By CBSLA Staff

SAN DIEGO (CBSLA) — A male snow leopard at the San Diego Zoo is under observation Monday after being tested for SARS-CoV-2, the virus that causes COVID-19.

Wildlife care specialists at the zoo noticed the snow leopard had a cough and nasal discharge Thursday, officials said. Fecal samples from the snow leopard tested positive for SARS-CoV-2, and were confirmed by the California Animal Health and Food Safety Laboratory System.

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The positive tests have been since sent to the USDA’s National Veterinary Services Laboratory, where the results are still pending, zoo officials said.

A male snow leopard at the San Diego Zoo is suspected to be positive for SARS-CoV-2, the virus that causes COVID-19.

According to the zoo, the snow leopard appears to be doing well and is not showing other symptoms. But he does share his habitat with a female snow leopard and two Amur leopards. Veterinarians assume the other leopards have been exposed, and they are being quarantined in their habitat, which will be closed to zoo visitors until further notice.

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“While we await the results of tests to determine if the snow leopard is positive for the virus that causes COVID-19, we can assure you the snow leopard and the Amur leopards who share his habitat are receiving excellent care,” Dwight Scott, executive director of the San Diego Zoo, said in a statement.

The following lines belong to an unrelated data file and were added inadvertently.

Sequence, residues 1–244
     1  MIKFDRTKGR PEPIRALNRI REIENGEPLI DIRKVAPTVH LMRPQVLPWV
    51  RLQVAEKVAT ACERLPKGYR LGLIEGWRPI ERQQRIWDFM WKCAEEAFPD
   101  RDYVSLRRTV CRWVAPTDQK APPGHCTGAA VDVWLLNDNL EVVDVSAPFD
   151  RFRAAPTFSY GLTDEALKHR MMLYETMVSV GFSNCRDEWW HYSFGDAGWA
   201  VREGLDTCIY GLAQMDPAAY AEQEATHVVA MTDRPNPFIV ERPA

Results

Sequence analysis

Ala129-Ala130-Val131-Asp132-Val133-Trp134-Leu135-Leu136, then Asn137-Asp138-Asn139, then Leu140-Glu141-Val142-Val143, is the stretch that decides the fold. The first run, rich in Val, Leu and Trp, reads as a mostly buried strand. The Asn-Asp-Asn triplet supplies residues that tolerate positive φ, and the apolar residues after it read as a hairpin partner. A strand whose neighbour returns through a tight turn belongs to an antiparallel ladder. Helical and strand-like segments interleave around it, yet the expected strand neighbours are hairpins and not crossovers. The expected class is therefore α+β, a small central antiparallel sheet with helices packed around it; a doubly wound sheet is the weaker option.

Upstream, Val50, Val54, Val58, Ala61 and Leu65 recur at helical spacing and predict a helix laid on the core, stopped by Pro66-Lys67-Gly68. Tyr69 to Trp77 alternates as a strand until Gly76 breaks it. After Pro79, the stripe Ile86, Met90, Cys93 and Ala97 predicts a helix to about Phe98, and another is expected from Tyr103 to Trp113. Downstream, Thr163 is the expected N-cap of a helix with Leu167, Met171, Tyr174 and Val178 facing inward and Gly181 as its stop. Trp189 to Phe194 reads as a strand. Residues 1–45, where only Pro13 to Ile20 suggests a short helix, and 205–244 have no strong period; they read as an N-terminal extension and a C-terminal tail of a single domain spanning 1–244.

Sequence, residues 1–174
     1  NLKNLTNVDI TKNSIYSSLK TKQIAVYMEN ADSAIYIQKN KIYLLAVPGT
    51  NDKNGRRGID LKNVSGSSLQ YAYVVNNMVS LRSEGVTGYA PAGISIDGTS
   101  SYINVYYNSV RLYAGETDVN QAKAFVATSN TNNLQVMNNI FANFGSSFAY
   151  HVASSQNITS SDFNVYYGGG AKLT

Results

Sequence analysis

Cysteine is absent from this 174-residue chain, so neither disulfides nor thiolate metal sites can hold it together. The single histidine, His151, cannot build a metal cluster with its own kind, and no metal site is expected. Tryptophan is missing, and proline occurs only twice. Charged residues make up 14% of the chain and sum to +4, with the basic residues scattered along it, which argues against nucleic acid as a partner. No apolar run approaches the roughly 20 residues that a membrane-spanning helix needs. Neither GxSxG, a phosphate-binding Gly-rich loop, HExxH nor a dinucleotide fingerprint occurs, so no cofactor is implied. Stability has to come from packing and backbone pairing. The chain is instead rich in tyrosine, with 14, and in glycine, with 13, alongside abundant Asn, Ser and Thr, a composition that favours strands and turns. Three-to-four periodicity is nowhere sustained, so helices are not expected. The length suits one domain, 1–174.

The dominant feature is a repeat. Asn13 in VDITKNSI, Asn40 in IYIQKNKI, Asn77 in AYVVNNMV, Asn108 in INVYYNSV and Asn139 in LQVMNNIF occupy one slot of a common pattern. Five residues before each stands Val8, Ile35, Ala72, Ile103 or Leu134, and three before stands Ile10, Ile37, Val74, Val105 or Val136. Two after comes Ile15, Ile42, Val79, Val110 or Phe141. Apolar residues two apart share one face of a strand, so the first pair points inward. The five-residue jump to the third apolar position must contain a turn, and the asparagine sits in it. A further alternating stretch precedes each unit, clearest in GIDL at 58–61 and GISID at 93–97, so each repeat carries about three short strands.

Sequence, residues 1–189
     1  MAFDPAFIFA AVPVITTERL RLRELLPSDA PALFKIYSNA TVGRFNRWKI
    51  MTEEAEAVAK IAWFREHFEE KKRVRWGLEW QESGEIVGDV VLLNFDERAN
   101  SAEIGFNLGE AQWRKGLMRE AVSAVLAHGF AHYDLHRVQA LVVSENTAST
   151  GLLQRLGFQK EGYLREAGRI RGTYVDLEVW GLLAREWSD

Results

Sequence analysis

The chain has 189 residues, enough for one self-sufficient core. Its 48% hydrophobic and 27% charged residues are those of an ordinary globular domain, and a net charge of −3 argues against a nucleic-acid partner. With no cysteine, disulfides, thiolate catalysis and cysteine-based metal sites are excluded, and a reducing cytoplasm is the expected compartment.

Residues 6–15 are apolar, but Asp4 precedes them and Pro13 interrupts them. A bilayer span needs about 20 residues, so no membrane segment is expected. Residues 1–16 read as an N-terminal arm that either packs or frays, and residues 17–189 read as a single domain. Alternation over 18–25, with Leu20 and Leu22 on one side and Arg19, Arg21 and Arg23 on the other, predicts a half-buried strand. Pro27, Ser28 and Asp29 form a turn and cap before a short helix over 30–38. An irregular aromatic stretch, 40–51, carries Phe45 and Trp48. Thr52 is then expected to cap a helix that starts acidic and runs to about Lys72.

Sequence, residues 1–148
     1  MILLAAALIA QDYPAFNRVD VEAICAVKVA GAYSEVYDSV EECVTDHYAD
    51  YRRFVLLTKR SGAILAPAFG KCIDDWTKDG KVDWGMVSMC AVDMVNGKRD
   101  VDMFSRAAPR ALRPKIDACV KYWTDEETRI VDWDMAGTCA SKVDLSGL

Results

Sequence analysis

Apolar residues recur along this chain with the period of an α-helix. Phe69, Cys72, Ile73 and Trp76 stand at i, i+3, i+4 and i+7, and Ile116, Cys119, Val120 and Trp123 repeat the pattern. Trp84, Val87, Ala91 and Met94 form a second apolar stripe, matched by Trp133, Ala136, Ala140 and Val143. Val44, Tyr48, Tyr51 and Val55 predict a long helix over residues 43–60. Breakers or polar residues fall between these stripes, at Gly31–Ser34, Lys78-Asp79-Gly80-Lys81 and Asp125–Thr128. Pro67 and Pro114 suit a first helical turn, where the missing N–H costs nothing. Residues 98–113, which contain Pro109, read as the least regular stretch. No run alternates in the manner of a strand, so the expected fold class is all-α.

It’s not known how the male snow leopard acquired the infection. The zoo says it provides N95 masks to all employees, and those who are not vaccinated are required to wear masks and practice health and safety protocols at all times.

The San Diego Zoo Wildlife Alliance says they have received a donation of COVID-19 vaccine intended for nonhuman use and are currently administering doses as quickly and safely as possible to the animals most at risk of contracting the virus — including leopards, lions, tigers, cheetahs, jaguars, mountain lions, and others. The male snow leopard had not yet been vaccinated.

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In January, a troop of gorillas at the neighboring Safari Park contracted SARS-CoV-2 from an asymptomatic wildlife care specialist, but they have since fully recovered. The San Diego Zoo Wildlife alliance says they are sharing information about animal infection, transmission, and treatment with conservation organizations and wildlife care professionals around the world.